Of Aurora’s particular role in doing that, Reed added that “they’ve been not only a recognized leader in our robotics community, but they’ve really been working behind the scenes to strengthen Pittsburgh and Pennsylvania’s leadership in autonomous systems.” Given that the company is a leading sponsor of the Pittsburgh Robotics Network and has demonstrated a commitment to local economic development, Reed said, “we’re very pleased to hear that they’re renewing their commitment as being a company headquartered in Pittsburgh, which further cements our leadership in autonomous mobile systems.”

Already, the majority of Aurora’s 1,600 employees are located in Pittsburgh, the press release noted, and the company plans to expand its team even further here, creating new jobs as the pandemic continues to cause economic damage. Those jobs will include more than just new positions for software engineers, but address needs for the growing company’s hardware, vehicle operations and general business requirements in areas like marketing, human resources, management and logistics.

With this renewed commitment to Pittsburgh will also come a $65,000 donation from Aurora to help fund requests related to STEM programming and development from teachers in Allegheny County. Some of that funding will go toward resources like a digital microscope, science experiment books and class project materials like an incubator for hatching chickens.

Of helping to build local resources in tandem with establishing this new full headquarters, Allegheny Conference on Community Development CEO Stefani Pashman said “that is a pattern that was established many, many years ago” in the Pittsburgh community.

“That we not only thrive in the region as a business, but we also come together to invest in the region and invest in each other and work collaboratively to make the region stronger,” Pashman added. “To me, that’s only emblematic that Aurora is really living the Pittsburgh way.”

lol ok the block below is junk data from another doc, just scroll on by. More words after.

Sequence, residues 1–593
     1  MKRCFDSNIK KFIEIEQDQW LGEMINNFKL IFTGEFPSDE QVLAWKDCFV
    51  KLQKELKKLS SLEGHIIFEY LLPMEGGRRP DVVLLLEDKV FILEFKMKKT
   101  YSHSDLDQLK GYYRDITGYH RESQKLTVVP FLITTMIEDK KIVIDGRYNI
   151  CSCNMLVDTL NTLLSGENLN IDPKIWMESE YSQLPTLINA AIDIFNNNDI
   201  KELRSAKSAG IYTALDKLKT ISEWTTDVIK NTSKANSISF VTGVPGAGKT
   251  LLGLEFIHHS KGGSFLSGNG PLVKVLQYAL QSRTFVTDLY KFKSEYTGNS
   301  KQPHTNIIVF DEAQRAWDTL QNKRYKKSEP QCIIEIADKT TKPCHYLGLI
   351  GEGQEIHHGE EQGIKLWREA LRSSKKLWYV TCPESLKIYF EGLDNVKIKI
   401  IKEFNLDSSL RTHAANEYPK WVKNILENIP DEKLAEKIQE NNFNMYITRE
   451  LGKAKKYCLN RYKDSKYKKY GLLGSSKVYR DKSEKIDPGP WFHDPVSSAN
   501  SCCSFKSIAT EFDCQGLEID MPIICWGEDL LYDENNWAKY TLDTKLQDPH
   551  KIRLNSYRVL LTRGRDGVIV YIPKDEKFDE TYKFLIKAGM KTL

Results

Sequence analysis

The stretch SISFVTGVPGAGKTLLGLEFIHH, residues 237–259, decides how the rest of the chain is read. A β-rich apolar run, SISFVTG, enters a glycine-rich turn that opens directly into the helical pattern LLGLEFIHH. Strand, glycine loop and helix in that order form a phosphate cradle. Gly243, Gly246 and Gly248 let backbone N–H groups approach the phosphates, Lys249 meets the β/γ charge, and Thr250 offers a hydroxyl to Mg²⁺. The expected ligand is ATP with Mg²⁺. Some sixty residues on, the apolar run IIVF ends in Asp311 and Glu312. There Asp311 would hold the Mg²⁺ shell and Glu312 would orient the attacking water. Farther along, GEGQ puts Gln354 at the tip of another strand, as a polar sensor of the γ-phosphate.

The impending IPO from Aurora and its SPAC — which a recent filing targeted for Q4 this year at $21 per share at an $11 billion company valuation — will also help continue the trend of local wealth generation that will come out of Duolingo’s IPO and a planned one from fellow autonomous vehicle company Argo AI.

Of that upcoming deal, Pittsburgh Tech Council President and CEO Audrey Russo noted that “to look at the creation of wealth [from the public offering], it’s extremely positive. But it’s the ripple effect, of people investing in other companies, investing in other ideas, building more demand for services that are right at our feet, everything in terms of the ecosystem for restaurants and amenities — that’s what drives our economy.”

Beyond those more obvious effects of a public offering though, Russo added that this headquarters news, and all that comes with it, cement a new chapter for Pittsburgh. Where the tech industry previously struggled to compete with large and even fellow mid-size markets, commitments to the city like this one from Aurora are adding to a momentum that Russo thinks is long overdue. And while Pittsburgh isn’t yet at a level to be fully competitive with larger tech markets, she sees this as another sign the city’s on the right track.

“We look at places like Boston or San Francisco, and they’ve had a thorough pipeline of IPOs and massive exits,” Russo said. “So I like to believe that this is the great unleashing [for Pittsburgh].”

Sophie Burkholder is a 2021-2022 corps member for Report for America, an initiative of The Groundtruth Project that pairs young journalists with local newsrooms. This position is supported by the Heinz Endowments.
Companies: Pittsburgh Technology Council / Pittsburgh Robotics Network / Aurora